Work and Family over the Life Course: Do Older Workers Differ?
Job satisfaction, Older workers, Work–family conflict, Work–family fit, Workplace flexibility
This study explored how older workers (age 55+) differed from middle-aged (ages 35–54) and young workers (<35>years) in their experience of the work–family interface. Data came from a subset of a survey conducted by a multi-national corporation in 79 countries (N = 41,813, n = 2,700). Older workers reported significantly less work-to-family and family-to-work conflict and greater work–family fit, life success, and work success than middle-aged and young workers. They reported significantly greater job flexibility and job satisfaction but were significantly less likely to be aware of and use work–family programs than young workers. Older men reported significantly less awareness and use of work-life programs and less family-to-work conflict than older women. Implications of this research are presented.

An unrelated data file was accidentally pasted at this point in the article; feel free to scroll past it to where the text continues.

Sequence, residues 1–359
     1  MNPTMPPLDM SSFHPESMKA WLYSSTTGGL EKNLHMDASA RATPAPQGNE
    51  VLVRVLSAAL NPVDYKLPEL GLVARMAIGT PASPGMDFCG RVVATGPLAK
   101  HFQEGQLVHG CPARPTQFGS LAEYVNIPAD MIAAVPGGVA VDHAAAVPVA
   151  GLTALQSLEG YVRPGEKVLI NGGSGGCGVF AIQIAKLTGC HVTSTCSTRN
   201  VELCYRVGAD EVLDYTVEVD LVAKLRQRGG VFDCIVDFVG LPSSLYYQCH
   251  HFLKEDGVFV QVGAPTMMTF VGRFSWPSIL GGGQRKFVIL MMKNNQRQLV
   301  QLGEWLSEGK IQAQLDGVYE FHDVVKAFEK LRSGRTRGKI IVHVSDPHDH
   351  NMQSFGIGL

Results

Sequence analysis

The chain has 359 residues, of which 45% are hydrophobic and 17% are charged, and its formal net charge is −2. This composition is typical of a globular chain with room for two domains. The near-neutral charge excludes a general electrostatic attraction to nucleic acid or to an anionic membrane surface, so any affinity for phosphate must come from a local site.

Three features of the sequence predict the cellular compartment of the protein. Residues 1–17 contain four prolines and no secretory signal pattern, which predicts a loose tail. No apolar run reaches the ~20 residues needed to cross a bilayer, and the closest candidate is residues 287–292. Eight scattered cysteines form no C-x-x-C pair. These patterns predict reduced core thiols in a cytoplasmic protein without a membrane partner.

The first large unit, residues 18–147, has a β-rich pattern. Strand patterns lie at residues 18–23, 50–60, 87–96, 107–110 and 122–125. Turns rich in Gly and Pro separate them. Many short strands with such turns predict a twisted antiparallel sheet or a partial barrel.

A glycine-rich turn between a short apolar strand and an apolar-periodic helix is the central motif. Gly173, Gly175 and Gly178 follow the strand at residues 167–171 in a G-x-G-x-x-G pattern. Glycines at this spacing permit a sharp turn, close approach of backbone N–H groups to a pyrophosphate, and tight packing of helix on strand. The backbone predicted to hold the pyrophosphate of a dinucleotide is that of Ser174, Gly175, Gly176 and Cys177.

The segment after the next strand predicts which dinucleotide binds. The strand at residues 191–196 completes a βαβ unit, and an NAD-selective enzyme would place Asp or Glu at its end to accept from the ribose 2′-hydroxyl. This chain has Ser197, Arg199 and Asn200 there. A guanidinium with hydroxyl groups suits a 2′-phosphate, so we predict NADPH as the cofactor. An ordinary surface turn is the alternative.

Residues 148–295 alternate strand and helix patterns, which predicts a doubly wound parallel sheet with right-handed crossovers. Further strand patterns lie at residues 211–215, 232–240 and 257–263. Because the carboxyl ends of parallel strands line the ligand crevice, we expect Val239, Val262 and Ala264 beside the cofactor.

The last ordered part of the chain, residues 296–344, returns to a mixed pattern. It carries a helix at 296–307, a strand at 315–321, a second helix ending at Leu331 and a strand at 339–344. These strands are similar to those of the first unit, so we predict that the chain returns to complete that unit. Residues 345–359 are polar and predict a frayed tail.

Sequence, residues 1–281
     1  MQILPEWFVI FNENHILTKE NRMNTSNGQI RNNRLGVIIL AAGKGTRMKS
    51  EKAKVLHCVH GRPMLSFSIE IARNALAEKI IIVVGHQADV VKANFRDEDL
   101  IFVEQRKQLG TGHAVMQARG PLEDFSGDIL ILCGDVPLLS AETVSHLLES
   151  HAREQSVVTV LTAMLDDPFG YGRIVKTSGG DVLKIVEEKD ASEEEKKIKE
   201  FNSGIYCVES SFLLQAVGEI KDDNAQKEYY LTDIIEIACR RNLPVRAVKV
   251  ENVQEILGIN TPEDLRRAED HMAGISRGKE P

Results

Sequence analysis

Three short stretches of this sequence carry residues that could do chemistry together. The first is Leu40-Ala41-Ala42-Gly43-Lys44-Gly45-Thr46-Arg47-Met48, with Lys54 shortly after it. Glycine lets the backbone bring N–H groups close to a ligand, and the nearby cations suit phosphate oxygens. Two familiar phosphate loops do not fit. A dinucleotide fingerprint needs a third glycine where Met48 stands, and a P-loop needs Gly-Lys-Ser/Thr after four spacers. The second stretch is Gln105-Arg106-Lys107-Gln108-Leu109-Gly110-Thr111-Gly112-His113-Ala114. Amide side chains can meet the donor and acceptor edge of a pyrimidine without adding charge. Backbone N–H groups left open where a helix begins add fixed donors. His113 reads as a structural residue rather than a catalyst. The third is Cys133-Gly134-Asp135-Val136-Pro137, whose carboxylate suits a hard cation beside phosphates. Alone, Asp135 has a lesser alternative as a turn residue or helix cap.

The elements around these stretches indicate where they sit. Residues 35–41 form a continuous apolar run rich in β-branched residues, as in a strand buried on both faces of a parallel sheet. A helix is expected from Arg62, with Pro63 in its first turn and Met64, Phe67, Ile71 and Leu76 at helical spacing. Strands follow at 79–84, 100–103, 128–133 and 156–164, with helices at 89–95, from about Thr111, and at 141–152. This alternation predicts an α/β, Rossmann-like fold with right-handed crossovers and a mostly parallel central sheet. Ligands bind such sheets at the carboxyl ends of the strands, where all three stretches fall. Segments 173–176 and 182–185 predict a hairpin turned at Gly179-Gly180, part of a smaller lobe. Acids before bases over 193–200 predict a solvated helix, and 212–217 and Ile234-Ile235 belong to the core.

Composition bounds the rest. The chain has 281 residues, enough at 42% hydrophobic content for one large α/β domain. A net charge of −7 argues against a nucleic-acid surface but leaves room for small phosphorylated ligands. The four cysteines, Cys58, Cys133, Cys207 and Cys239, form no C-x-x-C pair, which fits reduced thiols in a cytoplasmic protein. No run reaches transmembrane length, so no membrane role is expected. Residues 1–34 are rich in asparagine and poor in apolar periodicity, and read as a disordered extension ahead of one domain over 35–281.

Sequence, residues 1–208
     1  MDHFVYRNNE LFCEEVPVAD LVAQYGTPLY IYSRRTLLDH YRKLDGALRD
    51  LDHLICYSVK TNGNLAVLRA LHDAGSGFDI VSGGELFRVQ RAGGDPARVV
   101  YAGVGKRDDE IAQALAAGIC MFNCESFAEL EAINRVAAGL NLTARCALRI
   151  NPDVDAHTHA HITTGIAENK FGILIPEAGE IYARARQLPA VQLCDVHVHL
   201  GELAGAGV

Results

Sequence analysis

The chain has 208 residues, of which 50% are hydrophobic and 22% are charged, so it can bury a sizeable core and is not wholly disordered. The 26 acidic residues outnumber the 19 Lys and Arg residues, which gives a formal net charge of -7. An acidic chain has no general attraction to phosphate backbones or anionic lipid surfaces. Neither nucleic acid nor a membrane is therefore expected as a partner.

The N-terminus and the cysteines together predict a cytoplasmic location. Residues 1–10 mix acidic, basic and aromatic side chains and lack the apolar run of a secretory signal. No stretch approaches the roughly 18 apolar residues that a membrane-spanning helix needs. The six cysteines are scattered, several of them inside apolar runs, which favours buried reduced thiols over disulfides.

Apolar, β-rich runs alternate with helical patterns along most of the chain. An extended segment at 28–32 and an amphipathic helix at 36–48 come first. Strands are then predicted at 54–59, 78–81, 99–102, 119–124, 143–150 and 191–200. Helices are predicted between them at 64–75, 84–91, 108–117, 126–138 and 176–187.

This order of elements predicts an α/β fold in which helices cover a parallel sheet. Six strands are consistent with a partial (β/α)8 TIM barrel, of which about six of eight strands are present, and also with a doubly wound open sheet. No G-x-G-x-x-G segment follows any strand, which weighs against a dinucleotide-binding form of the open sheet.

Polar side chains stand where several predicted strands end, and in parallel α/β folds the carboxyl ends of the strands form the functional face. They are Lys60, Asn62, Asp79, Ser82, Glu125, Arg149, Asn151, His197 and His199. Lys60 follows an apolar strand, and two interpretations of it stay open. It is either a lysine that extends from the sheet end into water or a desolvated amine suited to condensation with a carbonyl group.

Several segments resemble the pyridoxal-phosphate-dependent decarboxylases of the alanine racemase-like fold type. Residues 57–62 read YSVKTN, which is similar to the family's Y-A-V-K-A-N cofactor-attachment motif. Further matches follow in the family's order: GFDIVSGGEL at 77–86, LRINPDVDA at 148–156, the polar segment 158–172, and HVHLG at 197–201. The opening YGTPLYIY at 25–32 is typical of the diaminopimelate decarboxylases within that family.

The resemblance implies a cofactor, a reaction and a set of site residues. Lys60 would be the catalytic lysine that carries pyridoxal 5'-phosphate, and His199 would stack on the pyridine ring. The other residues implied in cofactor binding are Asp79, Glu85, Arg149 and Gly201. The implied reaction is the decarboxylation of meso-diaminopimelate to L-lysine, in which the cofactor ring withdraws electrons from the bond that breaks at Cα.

Original Publication Citation
Hill, E. J., Erickson, J.J., Fellows, K. J., Martinengo, G, & Allen, S. M. (2014). Work and family over the life course: Do older workers differ? Journal of Family and Economic Issues. 35, 1-13. doi 10.1007/s10834-012-9346-8.
BYU ScholarsArchive Citation
Hill, E. Jeffrey; Erickson, Janet J.; Fellows, Kaylene Joy; Martinengo, Giuseppe; and Allen, Sarah M., "Work and Family over the Life Course: Do Older Workers Differ?" (2014). All Faculty Publications. 2261.
Journal of Family and Economic Issues
Family, Home, and Social Sciences
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